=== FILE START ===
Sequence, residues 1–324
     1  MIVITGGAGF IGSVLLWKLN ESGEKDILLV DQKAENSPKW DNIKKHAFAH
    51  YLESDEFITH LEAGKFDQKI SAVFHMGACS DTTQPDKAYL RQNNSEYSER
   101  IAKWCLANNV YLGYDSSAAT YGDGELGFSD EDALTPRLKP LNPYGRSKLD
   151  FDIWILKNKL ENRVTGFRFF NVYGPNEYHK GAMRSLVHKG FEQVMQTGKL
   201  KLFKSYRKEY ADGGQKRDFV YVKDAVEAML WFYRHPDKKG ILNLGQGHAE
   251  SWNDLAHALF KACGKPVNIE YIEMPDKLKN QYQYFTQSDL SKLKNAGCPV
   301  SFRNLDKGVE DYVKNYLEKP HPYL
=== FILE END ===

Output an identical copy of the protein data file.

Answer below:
Sequence, residues 1–324
     1  MIVITGGAGF IGSVLLWKLN ESGEKDILLV DQKAENSPKW DNIKKHAFAH
    51  YLESDEFITH LEAGKFDQKI SAVFHMGACS DTTQPDKAYL RQNNSEYSER
   101  IAKWCLANNV YLGYDSSAAT YGDGELGFSD EDALTPRLKP LNPYGRSKLD
   151  FDIWILKNKL ENRVTGFRFF NVYGPNEYHK GAMRSLVHKG FEQVMQTGKL
   201  KLFKSYRKEY ADGGQKRDFV YVKDAVEAML WFYRHPDKKG ILNLGQGHAE
   251  SWNDLAHALF KACGKPVNIE YIEMPDKLKN QYQYFTQSDL SKLKNAGCPV
   301  SFRNLDKGVE DYVKNYLEKP HPYL